It has square stems and bright green leaves with scalloped edges. It produces very small white flowers.
The leaves don’t need much coaxing to release their lemon-like scent: just brushing the plant will do it. When cutting some, watch out for bees because they love the plant.
Lemon Balm is used in making Benedictine and Chartreuse liqueurs.
Lemon Balm smells more lemony than it actually tastes; the taste is very faint.
Lemon Balm can be used in desserts, especially ones such as fruit salads, or in savoury dishes such as sauces for fish or chicken. It is particularly good with fish and steamed vegetables or boiled potatoes. Add at the very end of cooking to preserve the scent. The leaves can be scratchy so use in moderation.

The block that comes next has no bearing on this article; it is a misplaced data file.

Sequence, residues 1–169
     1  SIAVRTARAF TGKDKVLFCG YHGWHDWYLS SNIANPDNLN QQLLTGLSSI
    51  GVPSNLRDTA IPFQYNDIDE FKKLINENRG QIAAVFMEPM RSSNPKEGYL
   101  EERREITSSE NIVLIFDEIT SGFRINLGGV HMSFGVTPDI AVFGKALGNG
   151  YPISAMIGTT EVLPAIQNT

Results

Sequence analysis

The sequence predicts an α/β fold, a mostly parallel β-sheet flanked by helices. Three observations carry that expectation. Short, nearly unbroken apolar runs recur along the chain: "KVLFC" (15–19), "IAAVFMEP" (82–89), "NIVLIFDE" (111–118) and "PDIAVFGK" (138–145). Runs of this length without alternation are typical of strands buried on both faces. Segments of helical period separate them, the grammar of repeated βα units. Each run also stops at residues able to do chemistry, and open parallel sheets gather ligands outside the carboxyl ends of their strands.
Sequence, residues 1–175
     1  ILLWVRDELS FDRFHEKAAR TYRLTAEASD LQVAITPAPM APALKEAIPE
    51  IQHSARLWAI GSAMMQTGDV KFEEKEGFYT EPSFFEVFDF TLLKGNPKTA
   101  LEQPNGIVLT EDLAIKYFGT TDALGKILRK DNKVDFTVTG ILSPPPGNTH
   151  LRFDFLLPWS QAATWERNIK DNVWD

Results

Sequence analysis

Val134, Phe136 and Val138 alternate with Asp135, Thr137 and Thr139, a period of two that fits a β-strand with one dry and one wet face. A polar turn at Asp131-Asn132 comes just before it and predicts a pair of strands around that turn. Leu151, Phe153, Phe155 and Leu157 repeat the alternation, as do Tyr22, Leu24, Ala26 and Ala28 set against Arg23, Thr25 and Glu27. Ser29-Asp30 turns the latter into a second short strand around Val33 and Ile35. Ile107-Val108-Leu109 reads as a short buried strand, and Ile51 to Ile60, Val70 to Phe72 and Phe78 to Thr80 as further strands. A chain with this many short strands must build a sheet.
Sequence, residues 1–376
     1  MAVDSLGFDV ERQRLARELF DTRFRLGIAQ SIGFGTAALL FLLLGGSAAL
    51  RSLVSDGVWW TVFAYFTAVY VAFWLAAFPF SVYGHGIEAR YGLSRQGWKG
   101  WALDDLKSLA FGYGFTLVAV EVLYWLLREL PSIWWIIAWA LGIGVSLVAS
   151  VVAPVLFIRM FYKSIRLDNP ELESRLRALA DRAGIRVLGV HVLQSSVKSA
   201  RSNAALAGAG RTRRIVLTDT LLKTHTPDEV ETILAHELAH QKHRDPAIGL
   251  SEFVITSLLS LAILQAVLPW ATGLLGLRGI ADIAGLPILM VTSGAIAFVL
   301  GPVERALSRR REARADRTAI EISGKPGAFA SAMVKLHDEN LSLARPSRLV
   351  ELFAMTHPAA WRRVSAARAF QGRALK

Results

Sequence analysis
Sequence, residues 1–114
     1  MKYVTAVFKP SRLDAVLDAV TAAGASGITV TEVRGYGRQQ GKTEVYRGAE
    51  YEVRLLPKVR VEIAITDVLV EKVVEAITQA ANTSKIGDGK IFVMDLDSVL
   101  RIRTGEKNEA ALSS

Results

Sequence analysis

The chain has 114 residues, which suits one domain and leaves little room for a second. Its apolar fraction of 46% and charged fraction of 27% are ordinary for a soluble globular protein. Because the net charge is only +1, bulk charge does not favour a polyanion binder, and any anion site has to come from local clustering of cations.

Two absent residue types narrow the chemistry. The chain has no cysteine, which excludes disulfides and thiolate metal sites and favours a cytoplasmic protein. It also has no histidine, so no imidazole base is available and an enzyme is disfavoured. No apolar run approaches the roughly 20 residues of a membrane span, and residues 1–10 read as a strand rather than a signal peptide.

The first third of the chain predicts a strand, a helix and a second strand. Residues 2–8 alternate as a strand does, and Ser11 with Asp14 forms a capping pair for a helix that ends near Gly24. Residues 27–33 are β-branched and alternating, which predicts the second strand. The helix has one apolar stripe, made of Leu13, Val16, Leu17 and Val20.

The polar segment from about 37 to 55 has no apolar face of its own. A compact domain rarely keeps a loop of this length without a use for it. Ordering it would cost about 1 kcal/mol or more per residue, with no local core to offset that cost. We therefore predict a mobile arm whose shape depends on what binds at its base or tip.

A jaunty sprig of Lemon Balm is often put into a glass of Pimm’s.
Lemon Balm will intensify the lemon aroma of any dish using lemon juice.
Lemon Verbena, Lemon Thyme, or a small amount of finely grated lemon zest.
Lemon Balm was native to Southern Europe or Northern Africa. It was used medicinally by the Greeks, who thought it to have sterilizing and calming properties.
Romans called it “apiastrum” (‘apias’ meant bee) because bees love the plant. The Romans introduced it into Britain. They often used it to freshen the smell of rooms, and they used it medicinally, as had the Greeks before them.
Damrosch, Barbara. The lovely, pesky herb named lemon balm. Washington Post. 19 June 2012.